Nikon S7000 Review
Published On 08-April-2015
The latest S7000 compact of Nikon is intended at the point-and-shoot holiday photographer who desires for a versatile zoom range in a convenient hand held package. The main feature of the S7000 is its liberal 20x optical zoom, which associates with the 25-500mm in 35mm terms.
In the camera there is a 20 million pixel back-illuminated CMOS sensor, full High Definition video recording, which is quite much standard these days, together with the Wi-Fi and NFC connectivity, which are now becoming very common.
Build and Handling
The S7000 slips comfortably into one’s pocket or in a small bag; moreover Nikon has gone along with an impartially standard design and built in, along with the control buttons gathered at the right side.
On the top of the camera there is a mode dial, and though there are no labor-intensive or semi-automatic revelation modes there are still a lot of things that the user can change when using Auto mode, also involving the white balance and sensitivity, through main menu.
During shooting in Effects mode the consumer is required to open the main menu every time he want to select a new effect, which is a little faff, it would be quite interesting if the user could do this by utilizing a quick menu as well as a function button. Connecting the camera to user’s smartphone or to the tablet all across Wi-Fi is reasonably quick and easy as well.
The user can set the autofocus point manually on the Nikon S76500, which is not so common and welcome feature for a compact camera at this sustaining level. However, to do this, the user is first required to choose Manual under Auto Focus area mode in the main menu, and then press the OK button in the center of the triangulation pad as well as scroll to the wanted point utilizing the directional keys.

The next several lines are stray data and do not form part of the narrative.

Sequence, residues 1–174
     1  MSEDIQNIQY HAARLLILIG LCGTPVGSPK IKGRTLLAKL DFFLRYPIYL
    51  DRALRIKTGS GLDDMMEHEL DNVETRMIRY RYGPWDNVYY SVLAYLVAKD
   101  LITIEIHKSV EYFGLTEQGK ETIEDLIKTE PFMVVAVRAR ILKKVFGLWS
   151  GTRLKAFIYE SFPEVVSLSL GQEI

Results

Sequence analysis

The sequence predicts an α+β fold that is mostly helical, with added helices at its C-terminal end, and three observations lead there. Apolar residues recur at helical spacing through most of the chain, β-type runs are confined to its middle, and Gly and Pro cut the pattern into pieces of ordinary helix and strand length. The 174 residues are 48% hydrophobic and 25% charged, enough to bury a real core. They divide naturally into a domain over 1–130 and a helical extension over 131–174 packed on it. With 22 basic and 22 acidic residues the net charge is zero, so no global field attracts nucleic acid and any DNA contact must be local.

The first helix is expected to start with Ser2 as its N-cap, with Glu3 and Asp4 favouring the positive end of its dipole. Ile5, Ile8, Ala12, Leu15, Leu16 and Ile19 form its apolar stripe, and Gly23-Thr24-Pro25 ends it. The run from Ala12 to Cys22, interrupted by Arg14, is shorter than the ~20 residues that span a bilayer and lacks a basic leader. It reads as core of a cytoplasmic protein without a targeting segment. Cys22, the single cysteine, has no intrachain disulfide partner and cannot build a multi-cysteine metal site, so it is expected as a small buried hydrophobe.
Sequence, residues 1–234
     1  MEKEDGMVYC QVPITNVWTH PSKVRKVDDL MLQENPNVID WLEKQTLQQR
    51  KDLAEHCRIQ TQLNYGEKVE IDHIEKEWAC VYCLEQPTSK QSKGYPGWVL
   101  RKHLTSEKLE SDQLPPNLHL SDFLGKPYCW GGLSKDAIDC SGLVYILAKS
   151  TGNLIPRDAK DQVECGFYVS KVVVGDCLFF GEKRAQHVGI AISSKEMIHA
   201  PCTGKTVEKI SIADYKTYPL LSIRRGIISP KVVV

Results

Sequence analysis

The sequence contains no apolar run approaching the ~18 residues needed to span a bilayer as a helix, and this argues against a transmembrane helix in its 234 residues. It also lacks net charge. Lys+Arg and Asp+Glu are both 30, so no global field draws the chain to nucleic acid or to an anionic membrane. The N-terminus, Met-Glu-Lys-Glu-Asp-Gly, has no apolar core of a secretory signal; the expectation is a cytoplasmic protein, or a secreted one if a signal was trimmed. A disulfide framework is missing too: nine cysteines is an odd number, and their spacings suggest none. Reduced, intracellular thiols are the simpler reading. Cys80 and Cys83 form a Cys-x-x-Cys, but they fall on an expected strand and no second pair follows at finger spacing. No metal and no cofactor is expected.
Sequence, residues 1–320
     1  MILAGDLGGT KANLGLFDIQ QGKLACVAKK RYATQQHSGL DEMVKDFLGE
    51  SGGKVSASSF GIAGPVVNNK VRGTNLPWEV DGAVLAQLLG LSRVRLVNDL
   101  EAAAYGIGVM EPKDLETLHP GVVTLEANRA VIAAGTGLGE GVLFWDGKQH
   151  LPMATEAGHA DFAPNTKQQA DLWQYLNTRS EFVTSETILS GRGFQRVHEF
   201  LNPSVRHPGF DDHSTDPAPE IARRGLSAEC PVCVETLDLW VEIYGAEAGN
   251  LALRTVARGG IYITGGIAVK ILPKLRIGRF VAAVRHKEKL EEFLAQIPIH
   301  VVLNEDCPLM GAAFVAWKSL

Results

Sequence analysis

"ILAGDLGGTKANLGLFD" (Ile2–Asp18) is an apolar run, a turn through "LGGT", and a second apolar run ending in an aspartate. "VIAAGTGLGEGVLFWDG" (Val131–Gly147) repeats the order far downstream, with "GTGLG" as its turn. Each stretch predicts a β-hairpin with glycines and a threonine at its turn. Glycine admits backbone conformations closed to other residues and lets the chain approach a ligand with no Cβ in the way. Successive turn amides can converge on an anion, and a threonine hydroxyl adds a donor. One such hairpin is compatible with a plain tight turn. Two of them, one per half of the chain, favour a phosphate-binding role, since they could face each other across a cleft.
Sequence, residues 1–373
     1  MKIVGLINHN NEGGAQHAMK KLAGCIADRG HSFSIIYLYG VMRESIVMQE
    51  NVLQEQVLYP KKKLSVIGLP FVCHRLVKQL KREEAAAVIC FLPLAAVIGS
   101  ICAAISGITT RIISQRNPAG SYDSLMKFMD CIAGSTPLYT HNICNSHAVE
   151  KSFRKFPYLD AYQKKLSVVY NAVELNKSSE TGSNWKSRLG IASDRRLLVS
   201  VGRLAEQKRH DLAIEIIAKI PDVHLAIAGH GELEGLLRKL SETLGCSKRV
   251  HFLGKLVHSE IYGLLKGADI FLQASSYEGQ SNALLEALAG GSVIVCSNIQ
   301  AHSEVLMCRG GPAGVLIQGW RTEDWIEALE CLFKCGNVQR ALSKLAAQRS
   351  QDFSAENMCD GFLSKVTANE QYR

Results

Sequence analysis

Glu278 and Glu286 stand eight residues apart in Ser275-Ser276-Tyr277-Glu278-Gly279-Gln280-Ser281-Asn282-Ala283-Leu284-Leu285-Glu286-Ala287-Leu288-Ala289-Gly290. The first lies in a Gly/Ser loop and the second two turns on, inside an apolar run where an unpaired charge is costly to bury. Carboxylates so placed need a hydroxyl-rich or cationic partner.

As the consumer would expect for a camera along with a small sensor, the S7000 performs best in bright light conditions. Colours are lovely as well as vibrant and also very perfect, which is quite good to see. Generally, detail is well concentrated: if the user zooms in to 100% then he will see some image smoothing on each sensitivity setting, however this is no worse as compared to the other compact cameras of its sort as well as most of the viewers would not be subjecting his images to such close inspection.
Capturing at the higher sensitivities, like ISO 800 or 1600 leads to more clear loss of detail, however the trade-off is that noise is kept to a minimum as well as the complete impression of detail is pretty good, particularly when snaps are viewed at normal print and on normal web sizes.
The user cannot change the metering mode; however the automatic setting does a reasonable job for the production of perfect exposures without a lot of requirement for exposure compensation, other than when user is shooting in very high contrast situations.
The performance of auto white balance system is also very good, making perfect colours in the majority of conditions, involving under artificial lighting. Detail is well condensed through the lens's optical zoom range. The digital zoom is another issue: it is best sidestepped, unless the user is despairing to get particularly close to a subject, because there is a remarkable drop in image quality.
The 20x optical zoom is quite enough to cover most of the bases, and makes the camera perfect for walkabout travel as well as for street photography. And contrasting some other 20x optical zoom providing the camera is also very nice and slim, as well as it fits comfortably in user’s pocket.
It might have been enough nice to see a touchscreen, because it is likely that Nikon Coolpix S5200 users will also be smartphone users.
Providing a neat little package for the user’s worth, the S7000 performs good and claims some useful features that will demand to those looking for just a simple family and a holiday camera. The Nikon S7000 provides adaptability as well as worth for money.
Even though, the user cannot take full manual control, the 20x optical zoom is an exceptional asset, and the camera has the capability of manufacturing shots that look great, particularly if they are taken in decent light conditions.
The integrated Wi-Fi is also quite easy to use, if a little restricted in its functions, whereas the Effects mode allows the user to add some fun as well as groovy treatments to his images if he like that kind of thing.